The wonderful thing about Butternut Squash is that it seems to have a very long shelf life. I will not have to cut it up and freeze it. I can store it in the basement knowing it will likely last throughout the winter. Easy peasy, bright and squeezy.
As you may or may not remember, our garden shed took a big hit from the wind this past spring. (You can see photos of it here and here. Or, if you’d like to see the entire posts concerning the shed, you can find them here and here.) We (meaning mostly M) have rebuilt it, turning it into a small greenhouse with a rain barrel. How cool is that?
M did an amazing job of rebuilding it. All I did was help hold up a wall here and there once in a while. He’s been working on it throughout the summer, and we now have lettuces growing in the big pots sitting on the bench in the greenhouse area.
As for the garden, we currently have a glut of cherry tomatoes (red and yellow). Since we have not had much luck over the past few years with the usual Better Boy, etc., type of tomatoes, I convinced M to try some heirloom tomatoes this year. They are really doing well, and we’ll soon have a glut of them for turning into sauces. Right now they’re ripening at a rate that’s just enough for us to eat on sandwiches (nothin’ better than a tomato sandwich made with homegrown tomatoes!), in salads, or to pop in your mouth from right off the vine.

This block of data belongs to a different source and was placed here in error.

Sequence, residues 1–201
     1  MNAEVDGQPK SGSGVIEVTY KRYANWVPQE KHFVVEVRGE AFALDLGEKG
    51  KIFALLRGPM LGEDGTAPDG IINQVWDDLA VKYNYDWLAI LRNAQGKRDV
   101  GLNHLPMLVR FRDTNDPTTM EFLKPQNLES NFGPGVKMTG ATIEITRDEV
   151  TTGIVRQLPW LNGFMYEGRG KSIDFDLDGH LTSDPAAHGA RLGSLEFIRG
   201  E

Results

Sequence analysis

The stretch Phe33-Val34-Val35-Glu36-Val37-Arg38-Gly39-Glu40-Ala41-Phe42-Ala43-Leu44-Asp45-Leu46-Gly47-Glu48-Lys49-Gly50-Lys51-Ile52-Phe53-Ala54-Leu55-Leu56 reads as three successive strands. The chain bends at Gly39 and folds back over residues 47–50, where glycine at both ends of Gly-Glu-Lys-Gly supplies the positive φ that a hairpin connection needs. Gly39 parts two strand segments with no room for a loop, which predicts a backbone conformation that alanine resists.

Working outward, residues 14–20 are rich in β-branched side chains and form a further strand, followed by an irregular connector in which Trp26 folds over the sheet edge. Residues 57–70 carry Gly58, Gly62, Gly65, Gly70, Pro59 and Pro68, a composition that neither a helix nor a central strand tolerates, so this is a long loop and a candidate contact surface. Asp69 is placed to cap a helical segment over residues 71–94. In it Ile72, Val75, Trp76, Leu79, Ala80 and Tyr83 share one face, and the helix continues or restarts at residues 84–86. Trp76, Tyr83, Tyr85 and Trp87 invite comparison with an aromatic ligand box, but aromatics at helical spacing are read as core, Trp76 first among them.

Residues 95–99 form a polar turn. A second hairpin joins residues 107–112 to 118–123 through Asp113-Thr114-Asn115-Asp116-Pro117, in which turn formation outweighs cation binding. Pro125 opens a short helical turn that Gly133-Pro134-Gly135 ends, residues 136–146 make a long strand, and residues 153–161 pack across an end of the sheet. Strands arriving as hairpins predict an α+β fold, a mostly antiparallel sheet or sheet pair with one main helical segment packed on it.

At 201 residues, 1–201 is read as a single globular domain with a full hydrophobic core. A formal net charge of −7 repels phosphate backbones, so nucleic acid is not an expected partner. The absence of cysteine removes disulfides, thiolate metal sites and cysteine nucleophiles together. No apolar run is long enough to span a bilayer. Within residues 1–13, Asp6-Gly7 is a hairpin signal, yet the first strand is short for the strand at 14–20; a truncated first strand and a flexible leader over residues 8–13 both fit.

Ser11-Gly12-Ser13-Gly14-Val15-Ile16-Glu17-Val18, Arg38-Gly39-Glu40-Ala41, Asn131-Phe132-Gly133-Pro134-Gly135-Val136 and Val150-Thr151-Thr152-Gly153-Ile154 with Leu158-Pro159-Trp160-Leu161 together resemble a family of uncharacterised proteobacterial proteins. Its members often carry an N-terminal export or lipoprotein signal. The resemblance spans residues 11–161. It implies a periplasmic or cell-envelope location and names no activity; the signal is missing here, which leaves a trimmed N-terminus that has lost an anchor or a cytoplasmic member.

The peppers are doing surprisingly well, too. Maybe we should have the groundhogs come in and eat off the tops every year. I’m going to have a lot of yellow and red (sweet) bell peppers, as well as plenty of the hot varieties (banana, jalapeño, and some kind of chili whose name I cannot recall at the moment).
We ate some the baby Swiss chard leaves yesterday for lunch. All in all, the garden is doing much better than we expected after we came home to the devastation wrought by the groundhogs and rabbits. The fencing has been redone and, so far, has kept the greedy little critters out.
It’s very peaceful in the garden, especially in the morning. The birds were serenading me as I pulled weeds (too bad they can’t help me pull them!). I say I loathe weeding, but the truth is that it’s a grounding and meditative process that pays off in an assortment of ways including a harvest of excellent food to put on the table.